The Week in Books #91

14/14 ✅

Finally I have completed this stack of books and am moving on to the next! Lots of good ones in this pile, my favourite was definitely The Three Body Problem by Cixin Liu. Least favourite probably goes to Kamala or The Good People. Not to say that they were bad reads, but there were some good ones on this stack! I’m just 4 books away from my goal of reading 104 books for the year (2 per week). Go me!

1. City of Veils by Zoe Ferraris. This is technically the second book in a series but I read it as a stand alone as I found this copy at VV and the blurb jumped out at me. There are a number of references to the case solved in the first book but I didn’t think I missed out on anything by skipping the first one, if anyone else wanted to read this as a stand-alone as well. This is a murder mystery/crime thriller, essentially, which I don’t read a lot of but this one was unique in that it was set in Saudi Arabia and contained a lot of commentary on feminism and the treatment of women in Saudi culture. The pacing was good and it was engaging as a thriller as well as informative of the culture in Saudi Arabia (a culture that is obviously so very different from Canadas). When it all boils down the story is essentially the story of a woman murdered by a misogynist, which is overdone to the point where I avoid the genre altogether, but the writing was good and the Saudi setting added more layers that made it much more enjoyable to read.

Women in Saudi Arabia are expected to lead quiet lives circumscribed by Islamic law and tradition. But Katya, one of the few women in the medical examiner’s office, is determined to make her work mean something.

When the body of a brutally beaten woman is found on the beach in Jeddah, the city’s detectives are ready to dismiss the case as another unsolvable murder-chillingly common in a city where the veils of conservative Islam keep women as anonymous in life as this victim is in death. If this is another housemaid killed by her employer, finding the culprit will be all but impossible.

Only Katya is convinced that the victim can be identified and her killer found. She calls upon her friend Nayir for help, and soon discovers that the dead girl was a young filmmaker named Leila, whose controversial documentaries earned her many enemies.

With only the woman’s clandestine footage as a guide, Katya and Nayir must confront the dark side of Jeddah that Leila struggled to expose: an underworld of prostitution, violence, exploitation, and jealously guarded secrets. Along the way, they form an unlikely alliance with an American woman whose husband has disappeared. Their growing search takes them from the city’s car-clogged streets to the deadly vastness of the desert beyond.

Little, Brown

2. The Good People by Hannah Kent. From modern day Saudi Arabia I then bounced to historic Ireland with The Good People. Hannah Kent wrote Burial Rites about the execution of Iceland’s first woman prisoner, a book that was very compelling and moved me to tears by the end. The Good People is in a similar vein but had less of an impact on me. Nora is a superstitious woman who has been convinced by the local herbalist/healer that her disabled grandson has been stolen by “The Good People” and replaced with a fairy. Many of the “cures” they administer to try to restore the boy to health were actually quite disturbing to read, the women essentially torture a handicapped child to try to “fix” him, so if you aren’t into reading about that kind of thing maybe avoid this one. It’s a fairly slow moving story with characters that aren’t really developed, and a plot that isn’t that complex or really satisfying. The language itself was lovely and the atmosphere of the book was achieved well, I felt. In the end I thought it was good, but not great.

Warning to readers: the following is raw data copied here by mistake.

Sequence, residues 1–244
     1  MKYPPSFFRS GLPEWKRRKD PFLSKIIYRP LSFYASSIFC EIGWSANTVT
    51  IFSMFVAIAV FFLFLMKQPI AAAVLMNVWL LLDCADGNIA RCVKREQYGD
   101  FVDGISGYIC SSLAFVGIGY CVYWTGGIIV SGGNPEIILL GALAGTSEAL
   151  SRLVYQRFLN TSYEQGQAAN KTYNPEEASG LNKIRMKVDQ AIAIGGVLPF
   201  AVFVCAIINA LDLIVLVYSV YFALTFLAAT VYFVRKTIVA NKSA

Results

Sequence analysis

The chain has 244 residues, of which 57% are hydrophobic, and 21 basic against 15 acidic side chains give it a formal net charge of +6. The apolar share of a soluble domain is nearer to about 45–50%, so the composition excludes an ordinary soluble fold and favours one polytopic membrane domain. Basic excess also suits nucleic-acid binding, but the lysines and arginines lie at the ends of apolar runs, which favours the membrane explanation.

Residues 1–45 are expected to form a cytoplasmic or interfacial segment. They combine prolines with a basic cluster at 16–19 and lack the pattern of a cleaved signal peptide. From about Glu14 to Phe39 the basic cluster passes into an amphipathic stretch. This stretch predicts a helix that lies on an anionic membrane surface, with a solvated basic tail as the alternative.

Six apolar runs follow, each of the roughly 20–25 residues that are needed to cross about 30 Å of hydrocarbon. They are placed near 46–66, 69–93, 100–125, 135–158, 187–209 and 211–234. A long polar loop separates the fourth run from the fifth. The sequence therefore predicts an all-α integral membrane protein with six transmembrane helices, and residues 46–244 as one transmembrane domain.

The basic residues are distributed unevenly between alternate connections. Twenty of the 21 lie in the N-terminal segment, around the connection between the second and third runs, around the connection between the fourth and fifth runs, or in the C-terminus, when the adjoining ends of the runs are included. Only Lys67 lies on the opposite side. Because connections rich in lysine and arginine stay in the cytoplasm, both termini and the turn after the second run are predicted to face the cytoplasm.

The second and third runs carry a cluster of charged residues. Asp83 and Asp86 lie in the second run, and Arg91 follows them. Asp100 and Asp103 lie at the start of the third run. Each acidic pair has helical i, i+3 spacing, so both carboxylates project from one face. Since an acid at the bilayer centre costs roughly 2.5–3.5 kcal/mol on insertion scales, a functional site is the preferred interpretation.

Nóra Leahy has lost her daughter and her husband in the same year, and is now burdened with the care of her four-year-old grandson, Micheál. The boy cannot walk, or speak, and Nora, mistrustful of the tongues of gossips, has kept the child hidden from those who might see in his deformity evidence of otherworldly interference.

Unable to care for the child alone, Nóra hires a fourteen-year-old servant girl, Mary, who soon hears the whispers in the valley about the blasted creature causing grief to fall upon the widow’s house.

Alone, hedged in by rumour, Mary and her mistress seek out the only person in the valley who might be able to help Micheál. For although her neighbours are wary of her, it is said that old Nance Roche has the knowledge. That she consorts with Them, the Good People. And that only she can return those whom they have taken…


3. Disorientation: Being Black in the World by Ian Williams. This is a brief collection of short essays and anecdotes about being Black in the world that wasn’t on this stack, but I preordered and was excited to get to. Williams is Canadian and lived between Vancouver and Toronto, so a lot of his observations were made about the city where I grew up. When he wrote about Brampton, Ontario I was reminded of another Canadian memoir by Jagmeet Singh and his experience of growing up Sikh in Brampton. And that reminded me of Jesse Thistle’s memoir (also Canadian) because there was a pretty big common thread between his and Jagmeet’s upbringing there. So many excellent Canadian memoirs! Williams’ collection is very strong, I really enjoyed his insights and observations on race in Canada, America and abroad. He has included an essay about his experience with Margaret Atwood that was very sweet, and many others including mentions for George Floyd and Eric Garner, and a piece about the experience of one of his friends, a Black man that had been pulled over between Abbotsford and greater Vancouver and shared his story with Ian. Very readable, very important.

Up now!

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